HomeNewsArticle Display

Saving lives, right here, right now

Captain Ian Rybczynsk, Staff Sgt. Mark Frayser, and Majs Layne Bennion and Brandon Smith, 506th Expeditionary Medical Squadron, offload a patient from an Army helecopter for treatment at the emrgency room Sept. 22.  Litter teams consist of public health, administrative, life skills, bioenvironmental, logistics, dental, any other available 506th EMEDS personnel at the time of the incident.

Captain Ian Rybczynsk, Staff Sgt. Mark Frayser, and Majs Layne Bennion and Brandon Smith, 506th Expeditionary Medical Squadron, offload a patient from an Army helicopter for treatment at the emergency room Sept. 22. Litter teams consist of public health, administrative, life skills, bioenvironmental, logistics, dental, any other available 506th EMEDS personnel at the time of the incident.

KIRKUK AIR BASE. Iraq -- The men and women of the 506th Expeditionary Medical Squadron have an advantage when it comes to treating casualties--they are all deployed here from the 48th Medical Group at Royal Air Force Lakenheath, England.

The doctors, nurses and technicians have spent the last six months training together and forging working relationships that translate to better medical care.

"It is unique that all 44 members of the 506th Expeditionary Medical Squadron are all from (RAF) Lakenheath," said Col. Robert Miller, 506th EMEDS commander. "We were the lead wing for Air Expeditionary Forces 3/4, so the tasking fell to us to fill the required positions by default.

"It doesn't happen very often, but it is a great opportunity for our hospital because being an AF medic is a great job and being able to do what you are trained to do, it just doesn't get better than that," he added.

He said he had no problem filling those positions, because he had several volunteers for the limited number of slots.

Deployment and training

"As we were gearing up for this deployment, it was a huge advantage to get to train together for the last four to six months and start to make those professional relationships," said Colonel Miller, commander of the 48th MDG . "The closer you are a team, the better you are able to communicate, the more effective you are and the better care you can provide."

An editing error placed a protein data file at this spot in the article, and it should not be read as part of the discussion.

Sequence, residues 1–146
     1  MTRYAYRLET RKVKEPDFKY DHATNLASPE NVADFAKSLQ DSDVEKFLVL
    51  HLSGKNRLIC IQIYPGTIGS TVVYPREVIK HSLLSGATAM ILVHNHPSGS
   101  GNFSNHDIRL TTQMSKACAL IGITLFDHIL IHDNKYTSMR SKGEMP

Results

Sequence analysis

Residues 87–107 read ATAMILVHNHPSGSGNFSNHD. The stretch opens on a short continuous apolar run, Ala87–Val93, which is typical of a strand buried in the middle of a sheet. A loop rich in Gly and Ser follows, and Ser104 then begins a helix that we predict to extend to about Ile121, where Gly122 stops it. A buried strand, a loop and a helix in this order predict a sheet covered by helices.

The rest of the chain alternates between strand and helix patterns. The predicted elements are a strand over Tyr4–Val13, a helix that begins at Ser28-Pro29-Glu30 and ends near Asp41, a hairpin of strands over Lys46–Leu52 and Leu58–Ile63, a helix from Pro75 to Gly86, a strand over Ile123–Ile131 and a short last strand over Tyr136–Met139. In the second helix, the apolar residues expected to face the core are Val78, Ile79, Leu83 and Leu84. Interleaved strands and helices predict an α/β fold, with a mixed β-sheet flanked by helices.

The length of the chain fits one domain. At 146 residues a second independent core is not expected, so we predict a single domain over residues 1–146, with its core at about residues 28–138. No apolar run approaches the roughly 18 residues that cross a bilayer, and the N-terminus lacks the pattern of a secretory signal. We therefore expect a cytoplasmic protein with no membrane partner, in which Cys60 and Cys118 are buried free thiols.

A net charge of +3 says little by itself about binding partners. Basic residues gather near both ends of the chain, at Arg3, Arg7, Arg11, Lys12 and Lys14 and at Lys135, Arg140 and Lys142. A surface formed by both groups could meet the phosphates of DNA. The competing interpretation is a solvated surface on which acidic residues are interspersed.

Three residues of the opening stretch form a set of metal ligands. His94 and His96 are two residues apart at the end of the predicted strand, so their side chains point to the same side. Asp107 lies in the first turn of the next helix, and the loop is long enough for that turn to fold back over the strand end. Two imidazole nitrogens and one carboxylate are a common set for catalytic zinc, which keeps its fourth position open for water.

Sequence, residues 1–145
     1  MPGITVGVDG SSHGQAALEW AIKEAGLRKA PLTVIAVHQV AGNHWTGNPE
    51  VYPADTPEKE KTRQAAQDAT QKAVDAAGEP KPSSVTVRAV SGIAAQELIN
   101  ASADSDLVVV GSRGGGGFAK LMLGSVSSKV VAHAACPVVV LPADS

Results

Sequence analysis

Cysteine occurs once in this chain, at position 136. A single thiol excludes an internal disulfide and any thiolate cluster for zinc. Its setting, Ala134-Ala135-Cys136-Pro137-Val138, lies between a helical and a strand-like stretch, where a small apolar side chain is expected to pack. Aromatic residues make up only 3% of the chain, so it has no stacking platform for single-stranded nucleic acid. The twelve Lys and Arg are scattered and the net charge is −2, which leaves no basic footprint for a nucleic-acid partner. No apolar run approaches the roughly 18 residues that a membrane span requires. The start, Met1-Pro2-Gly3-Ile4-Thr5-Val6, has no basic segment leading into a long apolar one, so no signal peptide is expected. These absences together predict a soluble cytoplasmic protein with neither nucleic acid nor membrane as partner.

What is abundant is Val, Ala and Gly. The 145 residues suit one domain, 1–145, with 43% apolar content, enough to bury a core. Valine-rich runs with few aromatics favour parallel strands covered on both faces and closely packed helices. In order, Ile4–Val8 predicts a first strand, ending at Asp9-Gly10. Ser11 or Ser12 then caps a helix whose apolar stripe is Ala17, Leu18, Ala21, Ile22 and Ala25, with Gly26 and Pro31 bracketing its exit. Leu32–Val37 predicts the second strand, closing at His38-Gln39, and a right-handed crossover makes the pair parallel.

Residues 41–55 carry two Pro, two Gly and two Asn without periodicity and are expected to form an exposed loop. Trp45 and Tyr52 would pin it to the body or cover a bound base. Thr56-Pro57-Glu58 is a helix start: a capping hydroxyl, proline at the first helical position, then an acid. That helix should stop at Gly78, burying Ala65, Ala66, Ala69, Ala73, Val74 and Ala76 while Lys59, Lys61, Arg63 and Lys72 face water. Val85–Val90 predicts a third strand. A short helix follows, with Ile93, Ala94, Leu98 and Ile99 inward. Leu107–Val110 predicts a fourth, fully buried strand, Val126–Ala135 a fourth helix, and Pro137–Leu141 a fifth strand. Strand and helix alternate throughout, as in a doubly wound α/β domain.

Part of the training for this deployment included EMEDS basic training at Brooks City-Base, Texas. He added that his crew hit the ground running here and didn't have to spend days, weeks or months trying to get spun-up and develop as a team, the team was already there.

That feeling of unity and cohesion was echoed by the unit staff.

"We generally had a knowledge of who each of us are, so we bonded together as a team a lot faster that most people would," said Tech. Sgt. Duane Keel, emergency room assistant NCO in charge. "When you have a lot of people from different bases, there is a feeling-out process learning who everyone is and what they have to offer. We didn't; we figured that out before we deployed and came together as a team very quickly."

Senior Airman Kari Wehr, an operating room technician, is on her first deployment. She said her short time here had been a real eye opening experience, but the training was paying off.

"The training teaches you to move at a faster pace, how to plan ahead and anticipate what the doctor wants," said Airman Wehr. "Also, I have worked with two of the doctors for two years and I know what each expects in the operation room, and this results in better care for the patient."

One of three trauma surgeons for the 506th EMEDS, Maj. Patton Davis said it was a big comfort factor to deploy as a group.

"As a group, we did a lot of problem solving when we first received notification of the deployment," he said. "We are able to balance people's strengths and put folks in the right job.

The preplanning was fantastic, requiring very little adjustment time when we got here."

The medical personnel have treated almost 700 sick call and routine care cases, as well as more than 35 emergency cases since mid- September.

Trauma

Most people here have noticed the helicopters that operate in and out of Kirkuk, but what you may not know is some of those helicopters are transporting wounded personnel to the 506th EMEDS for treatment. Those casualties are rushed into the emergency room for evaluation.

If the wounds are severe enough, the surgical team is called in to repair the damage.

Sometimes, the injuries are too severe for the staff to completely handle, so they move into a different mode - stabilize and prepare for transport to bigger facilities, either at Balad or over to Germany.

Routine stuff

While the 506th EMEDS' primary mission is to treat battlefield injuries, it isn't controlled chaos 24/7. The squadron's personnel have dealt with a variety of ailments: stomach flu, colds, twisted ankles and other sports injuries, rashes, infections and more.

They also have a dental staff on hand, Life Skills personnel and other departments such as a pharmacy, radiology and a laboratory. It's exactly like any hospital in the states - just on a much smaller scale.

Colonel Miller said he could sum up the 506th EMEDS mission in its credo--"Expeditionary medics saving lives, right here, right now."